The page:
If only I could get a really slow connection to Flickr, then I could easily test this. In the old days of Mac OS 9 or earlier, I may have resorted to plugging in a slow modem to simulate the experience of the less bandwidth-fortunate. In Mac OS X however, I can take advantage of the advanced firewall software that comes bundled with the operating system, and which allows me to configure “traffic shaping” policies on the traffic coming in and out of my computer. I found a great hint from Macworld that got me on the right track.

My goal is to cause Flickr downloads to be artificially slow. In order to achieve this goal I need to find the specific web address that the downloads come from. To do this, I use the standard tcpdump terminal utility, which also comes bundled with Mac OS X:

sudo tcpdump -Atqp -s 0 -ien1

The only part you may want to change is the bit at the end that says “en1″. Depending on the network interface you’re using, you might want en0 or en2 instead. With this running in the terminal, I go back to iMedia and start downloading Flickr files. This lets me see what the addresses of those files look like, and I discover the pertinent host name is “farm5.static.flickr.com”. Using the information I gleaned from the Macworld article, I set up the following firewall traffic shaping rules:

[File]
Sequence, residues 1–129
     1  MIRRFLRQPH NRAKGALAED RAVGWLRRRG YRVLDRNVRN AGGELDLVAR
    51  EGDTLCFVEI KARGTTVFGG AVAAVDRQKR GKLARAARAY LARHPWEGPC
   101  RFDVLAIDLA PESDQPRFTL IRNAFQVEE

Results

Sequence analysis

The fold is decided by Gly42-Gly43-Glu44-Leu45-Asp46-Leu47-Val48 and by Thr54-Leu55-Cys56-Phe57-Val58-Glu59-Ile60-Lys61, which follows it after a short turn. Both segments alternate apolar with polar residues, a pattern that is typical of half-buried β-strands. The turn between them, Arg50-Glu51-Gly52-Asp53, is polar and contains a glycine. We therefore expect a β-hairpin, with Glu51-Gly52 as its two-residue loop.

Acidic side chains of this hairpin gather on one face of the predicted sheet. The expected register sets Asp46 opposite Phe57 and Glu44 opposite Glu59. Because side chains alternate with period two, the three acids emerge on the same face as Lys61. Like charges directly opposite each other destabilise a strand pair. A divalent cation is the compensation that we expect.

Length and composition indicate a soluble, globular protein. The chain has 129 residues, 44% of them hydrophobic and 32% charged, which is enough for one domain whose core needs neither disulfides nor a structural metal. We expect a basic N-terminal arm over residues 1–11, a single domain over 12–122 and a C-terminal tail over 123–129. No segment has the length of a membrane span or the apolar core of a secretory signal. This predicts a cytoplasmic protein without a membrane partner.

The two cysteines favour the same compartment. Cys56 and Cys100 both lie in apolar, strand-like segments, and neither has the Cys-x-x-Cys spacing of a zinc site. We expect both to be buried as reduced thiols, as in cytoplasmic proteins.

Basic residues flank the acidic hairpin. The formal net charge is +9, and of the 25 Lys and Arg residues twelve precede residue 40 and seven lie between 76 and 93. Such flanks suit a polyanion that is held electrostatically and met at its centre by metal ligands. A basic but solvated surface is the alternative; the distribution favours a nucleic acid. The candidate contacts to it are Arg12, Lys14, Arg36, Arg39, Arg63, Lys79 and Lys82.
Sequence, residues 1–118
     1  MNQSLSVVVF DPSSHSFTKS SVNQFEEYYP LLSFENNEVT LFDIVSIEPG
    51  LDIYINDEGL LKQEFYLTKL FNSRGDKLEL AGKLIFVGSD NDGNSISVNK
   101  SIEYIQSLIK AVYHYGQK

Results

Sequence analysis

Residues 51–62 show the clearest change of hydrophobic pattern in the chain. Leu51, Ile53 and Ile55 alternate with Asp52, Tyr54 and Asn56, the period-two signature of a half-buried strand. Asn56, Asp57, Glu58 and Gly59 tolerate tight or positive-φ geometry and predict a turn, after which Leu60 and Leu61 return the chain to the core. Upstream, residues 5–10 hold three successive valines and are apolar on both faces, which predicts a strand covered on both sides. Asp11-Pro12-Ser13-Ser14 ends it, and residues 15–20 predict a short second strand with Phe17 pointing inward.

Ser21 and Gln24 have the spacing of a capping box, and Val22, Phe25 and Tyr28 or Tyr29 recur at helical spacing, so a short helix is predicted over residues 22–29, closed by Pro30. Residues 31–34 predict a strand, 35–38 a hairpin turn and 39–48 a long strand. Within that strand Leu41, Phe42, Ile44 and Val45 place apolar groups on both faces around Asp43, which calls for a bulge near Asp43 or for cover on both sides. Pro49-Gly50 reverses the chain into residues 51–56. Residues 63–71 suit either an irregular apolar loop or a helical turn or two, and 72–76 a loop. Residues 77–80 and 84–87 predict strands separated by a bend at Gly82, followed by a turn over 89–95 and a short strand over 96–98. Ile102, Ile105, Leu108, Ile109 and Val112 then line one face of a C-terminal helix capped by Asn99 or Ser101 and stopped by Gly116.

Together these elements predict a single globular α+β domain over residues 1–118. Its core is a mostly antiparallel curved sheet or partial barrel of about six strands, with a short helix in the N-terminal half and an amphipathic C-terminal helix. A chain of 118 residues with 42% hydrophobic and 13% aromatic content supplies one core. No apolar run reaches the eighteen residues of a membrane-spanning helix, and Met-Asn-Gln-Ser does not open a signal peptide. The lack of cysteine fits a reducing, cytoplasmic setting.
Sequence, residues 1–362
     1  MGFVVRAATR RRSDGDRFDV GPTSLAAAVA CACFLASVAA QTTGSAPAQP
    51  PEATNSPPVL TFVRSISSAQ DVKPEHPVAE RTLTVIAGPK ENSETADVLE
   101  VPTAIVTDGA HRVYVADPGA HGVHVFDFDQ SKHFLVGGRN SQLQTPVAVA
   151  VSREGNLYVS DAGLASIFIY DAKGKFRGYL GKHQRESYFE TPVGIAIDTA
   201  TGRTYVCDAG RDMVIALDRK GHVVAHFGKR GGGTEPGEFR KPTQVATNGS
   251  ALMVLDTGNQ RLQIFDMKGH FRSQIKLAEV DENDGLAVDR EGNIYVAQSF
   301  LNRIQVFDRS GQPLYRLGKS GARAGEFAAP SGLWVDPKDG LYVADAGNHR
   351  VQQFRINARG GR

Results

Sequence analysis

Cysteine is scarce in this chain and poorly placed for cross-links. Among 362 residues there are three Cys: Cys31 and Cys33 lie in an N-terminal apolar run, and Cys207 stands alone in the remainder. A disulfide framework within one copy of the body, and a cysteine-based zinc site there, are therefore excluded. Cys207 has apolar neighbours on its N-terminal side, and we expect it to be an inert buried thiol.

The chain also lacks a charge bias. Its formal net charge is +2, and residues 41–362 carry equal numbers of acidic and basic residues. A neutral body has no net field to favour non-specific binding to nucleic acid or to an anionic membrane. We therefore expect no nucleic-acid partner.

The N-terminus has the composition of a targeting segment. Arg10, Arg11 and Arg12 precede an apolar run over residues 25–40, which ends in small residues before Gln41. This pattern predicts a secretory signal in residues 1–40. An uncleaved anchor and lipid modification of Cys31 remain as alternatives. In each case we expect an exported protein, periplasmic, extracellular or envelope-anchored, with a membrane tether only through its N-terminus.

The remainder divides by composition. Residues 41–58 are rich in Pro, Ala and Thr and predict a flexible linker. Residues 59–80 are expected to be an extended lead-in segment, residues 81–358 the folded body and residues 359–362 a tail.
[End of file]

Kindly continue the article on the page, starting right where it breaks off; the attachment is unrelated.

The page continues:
sudo ipfw pipe 1 config bw 15KByte/s
sudo ipfw add 1 pipe 1 src-port 80 src-ip farm5.static.flickr.com

Translation?

  1. Create a pipe (you might prefer to call it a “tube”). A pipe is an artificial pass-through which can be configured to slow down, block, or otherwise alter the network traffic that goes through it.
  2. Configure the pipe to limit bandwidth to a crawling 15KByte/s.
  3. Configure all traffic coming from port 80 (the standard HTTP port), and originating from a specific hostname at Flickr, to pass through that pipe.

As soon as these commands are executed, the pipe is in place, and Flickr download speeds are brought to screeching halt. I can now debug the issue with the download dialog and the cancel button patiently and curiously, instead of racing to try clicking the button while I still have the chance.

When I’m done debugging, I definitely want to delete the pipe, so that download speeds go back to normal:

sudo ipfw delete 1